Relax: There May Be Some Rain, But No Sandbag-Begging Flooding Likely in Flagler
FlaglerLive | September 24, 2014
Don’t stock up on sandbags in Flagler County just yet: heavy rainfalls flooded roads and some 12 to 20 homes and a few apartment buildings in parts of Volusia County early Wednesday morning, and some rain is expected in Flagler over the next 24 hours, but the county’s emergency management director says residents should not be alarmed by what they see in Volusia and expect it replicated here.
“A lot of people trying to associate their rains with Flagler’s,” Kevin Guthrie, the emergency management director, said. “They are nowhere close to being apples to apples. Our rainfall is significantly less than what Volusia County has experienced.” In all, an inch or less has fallen in Flagler County in the past seven days, with some very isolated areas getting two to three inches, Laura Hite, the county’s mitigation planner, reported.
It’s been a different story in Volusia, where Daytona Beach got 6 inches and New Smyrna Beach 7 inches overnight, closing some major arteries such as parts of International Speedway Boulevard and Dunlawton Avenue in Port Orange.
None of that is expected in Flagler. Tonight’s forecast calls for scattered thunderstorms, with light rain to scattered thunderstorm for some of the day and evening Thursday.
“We are monitoring, constantly monitoring weather events, and this is a weather event,” Guthrie said. “If things should change on a moment’s notice we will be responding to such but at this point in time, based on what we’re getting out of Jacksonville National Weather Service, we do not anticipate getting anything like what Volusia County is experiencing.”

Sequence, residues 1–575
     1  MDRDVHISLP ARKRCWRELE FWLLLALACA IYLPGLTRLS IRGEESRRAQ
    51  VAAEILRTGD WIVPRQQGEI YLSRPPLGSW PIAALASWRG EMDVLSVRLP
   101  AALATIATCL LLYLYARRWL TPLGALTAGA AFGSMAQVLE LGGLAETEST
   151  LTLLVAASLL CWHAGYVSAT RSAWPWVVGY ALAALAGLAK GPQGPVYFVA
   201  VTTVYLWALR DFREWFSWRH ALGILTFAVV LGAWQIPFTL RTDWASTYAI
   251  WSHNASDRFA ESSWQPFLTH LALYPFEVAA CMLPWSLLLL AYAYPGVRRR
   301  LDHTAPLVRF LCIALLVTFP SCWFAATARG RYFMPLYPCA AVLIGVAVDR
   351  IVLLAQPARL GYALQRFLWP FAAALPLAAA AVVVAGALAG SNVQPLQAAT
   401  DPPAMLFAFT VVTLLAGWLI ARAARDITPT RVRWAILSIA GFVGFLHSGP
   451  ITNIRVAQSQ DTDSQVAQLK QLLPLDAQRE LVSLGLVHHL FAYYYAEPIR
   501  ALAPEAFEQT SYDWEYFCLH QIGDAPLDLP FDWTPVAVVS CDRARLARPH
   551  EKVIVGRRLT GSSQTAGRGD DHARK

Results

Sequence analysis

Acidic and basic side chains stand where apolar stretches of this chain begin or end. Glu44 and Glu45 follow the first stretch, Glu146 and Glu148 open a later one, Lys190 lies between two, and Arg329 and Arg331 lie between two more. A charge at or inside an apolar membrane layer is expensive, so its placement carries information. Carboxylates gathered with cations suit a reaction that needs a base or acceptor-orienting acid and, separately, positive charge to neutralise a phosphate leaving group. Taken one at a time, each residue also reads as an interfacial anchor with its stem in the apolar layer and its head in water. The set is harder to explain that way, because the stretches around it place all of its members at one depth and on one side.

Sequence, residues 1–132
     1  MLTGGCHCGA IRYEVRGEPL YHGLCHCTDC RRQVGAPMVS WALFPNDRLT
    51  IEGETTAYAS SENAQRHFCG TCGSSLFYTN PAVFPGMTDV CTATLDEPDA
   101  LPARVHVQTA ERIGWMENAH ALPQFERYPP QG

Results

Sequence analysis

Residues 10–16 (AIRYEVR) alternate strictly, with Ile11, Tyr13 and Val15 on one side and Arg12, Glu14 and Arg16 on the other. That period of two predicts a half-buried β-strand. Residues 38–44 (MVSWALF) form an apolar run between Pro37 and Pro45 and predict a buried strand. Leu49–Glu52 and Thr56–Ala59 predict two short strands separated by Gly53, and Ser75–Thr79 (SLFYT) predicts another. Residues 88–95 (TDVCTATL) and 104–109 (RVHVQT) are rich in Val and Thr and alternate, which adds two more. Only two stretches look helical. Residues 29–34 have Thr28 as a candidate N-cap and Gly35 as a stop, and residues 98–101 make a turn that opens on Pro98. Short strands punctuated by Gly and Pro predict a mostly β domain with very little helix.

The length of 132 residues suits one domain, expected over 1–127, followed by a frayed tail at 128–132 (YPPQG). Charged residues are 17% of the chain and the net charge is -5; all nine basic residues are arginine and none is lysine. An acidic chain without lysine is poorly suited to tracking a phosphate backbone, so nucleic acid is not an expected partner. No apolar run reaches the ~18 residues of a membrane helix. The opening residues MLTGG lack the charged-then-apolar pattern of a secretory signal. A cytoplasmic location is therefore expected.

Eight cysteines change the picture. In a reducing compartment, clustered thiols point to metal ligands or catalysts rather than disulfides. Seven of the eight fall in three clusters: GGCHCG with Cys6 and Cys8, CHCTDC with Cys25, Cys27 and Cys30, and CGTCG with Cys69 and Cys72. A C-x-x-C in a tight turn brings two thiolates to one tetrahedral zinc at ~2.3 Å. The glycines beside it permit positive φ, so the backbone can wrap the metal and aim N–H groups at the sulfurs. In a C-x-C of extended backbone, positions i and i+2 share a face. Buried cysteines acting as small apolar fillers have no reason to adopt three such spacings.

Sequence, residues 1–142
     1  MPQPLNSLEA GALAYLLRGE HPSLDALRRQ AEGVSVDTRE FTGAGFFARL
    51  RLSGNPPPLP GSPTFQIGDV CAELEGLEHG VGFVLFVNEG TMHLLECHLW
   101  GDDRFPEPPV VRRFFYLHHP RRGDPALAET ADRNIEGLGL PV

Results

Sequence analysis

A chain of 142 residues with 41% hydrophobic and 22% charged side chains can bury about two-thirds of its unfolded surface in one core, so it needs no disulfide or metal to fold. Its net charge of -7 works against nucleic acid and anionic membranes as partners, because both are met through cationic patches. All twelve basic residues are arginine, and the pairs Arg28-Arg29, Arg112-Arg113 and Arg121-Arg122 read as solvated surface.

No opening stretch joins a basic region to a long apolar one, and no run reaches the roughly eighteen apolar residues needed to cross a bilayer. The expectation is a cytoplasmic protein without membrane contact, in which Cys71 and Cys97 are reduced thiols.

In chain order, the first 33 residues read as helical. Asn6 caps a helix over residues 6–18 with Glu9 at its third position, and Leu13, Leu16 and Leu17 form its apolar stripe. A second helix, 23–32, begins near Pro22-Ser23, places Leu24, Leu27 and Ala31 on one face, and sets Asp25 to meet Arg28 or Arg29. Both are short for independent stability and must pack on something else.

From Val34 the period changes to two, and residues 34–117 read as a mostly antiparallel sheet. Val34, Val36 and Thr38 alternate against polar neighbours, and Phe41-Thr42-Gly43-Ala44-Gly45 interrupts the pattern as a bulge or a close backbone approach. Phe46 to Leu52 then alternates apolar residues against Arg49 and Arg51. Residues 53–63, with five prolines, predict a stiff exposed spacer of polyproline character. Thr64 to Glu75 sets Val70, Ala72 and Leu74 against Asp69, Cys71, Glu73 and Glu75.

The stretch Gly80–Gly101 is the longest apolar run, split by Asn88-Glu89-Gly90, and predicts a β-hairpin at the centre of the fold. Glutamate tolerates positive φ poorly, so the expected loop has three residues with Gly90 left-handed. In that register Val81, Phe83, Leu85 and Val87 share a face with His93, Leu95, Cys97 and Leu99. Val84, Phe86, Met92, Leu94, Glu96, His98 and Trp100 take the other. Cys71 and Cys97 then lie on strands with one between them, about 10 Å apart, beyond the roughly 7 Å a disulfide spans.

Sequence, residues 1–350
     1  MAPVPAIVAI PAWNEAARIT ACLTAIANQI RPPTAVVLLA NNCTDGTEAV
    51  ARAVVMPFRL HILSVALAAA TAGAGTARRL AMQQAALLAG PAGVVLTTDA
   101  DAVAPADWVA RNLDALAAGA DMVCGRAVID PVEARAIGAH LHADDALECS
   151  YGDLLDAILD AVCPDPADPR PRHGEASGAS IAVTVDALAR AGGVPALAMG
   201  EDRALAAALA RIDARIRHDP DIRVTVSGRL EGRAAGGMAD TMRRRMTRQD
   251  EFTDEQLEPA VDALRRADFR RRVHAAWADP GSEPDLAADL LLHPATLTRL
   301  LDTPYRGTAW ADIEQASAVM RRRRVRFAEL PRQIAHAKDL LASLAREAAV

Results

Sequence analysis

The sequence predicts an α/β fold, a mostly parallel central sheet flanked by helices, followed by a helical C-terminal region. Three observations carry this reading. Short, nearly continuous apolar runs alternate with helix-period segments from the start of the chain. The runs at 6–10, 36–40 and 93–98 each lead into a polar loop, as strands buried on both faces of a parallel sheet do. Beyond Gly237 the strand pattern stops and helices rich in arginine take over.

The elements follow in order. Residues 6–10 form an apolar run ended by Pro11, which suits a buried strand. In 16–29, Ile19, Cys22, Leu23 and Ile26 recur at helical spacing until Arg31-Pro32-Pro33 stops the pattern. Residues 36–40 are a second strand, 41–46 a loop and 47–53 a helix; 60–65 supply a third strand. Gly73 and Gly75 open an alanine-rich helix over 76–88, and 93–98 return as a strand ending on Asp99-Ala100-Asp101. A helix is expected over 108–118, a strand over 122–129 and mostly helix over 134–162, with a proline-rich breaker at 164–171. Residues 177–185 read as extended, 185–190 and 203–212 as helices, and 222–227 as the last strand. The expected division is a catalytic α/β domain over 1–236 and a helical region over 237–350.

The county’s Emergency Operations Center is stocked with sandbags, and those are ready to be filled if and when necessary, at least on a case by case basis, but officials don’t see that happening any time soon.
Meanwhile, the region, and the nation, continue to emnjoy an unusually quiet hurricane season, with just five named storms through Sept. 22–Arthur, Bertha, Cristobal, Dolly, and Edouard. If you’re not familiar with the names, it’s because none made landfall except for Arthur briefly flirting with North Carolina’s Outer Banks and Dolly making a tepid incursion into Mexico, and even then as a mere tropical storm, before petering out.
Forecasters had predicted a calmer season.
Nevertheless, the actual number of hurricanes is in live with seasonal averages, the Weather Channel notes (and warns), suggesting that all is not done before the season’s end on Nov. 1. “An average Atlantic season will generate another five named storms, two hurricanes, and at least one major hurricane from late September through November,” the Weather Channel reports. “October U.S. hurricane landfalls are not frequent. However, Wilma (2005) and Sandy (2012), two of the five costliest hurricanes in U.S. history, both recently wreaked havoc in October.”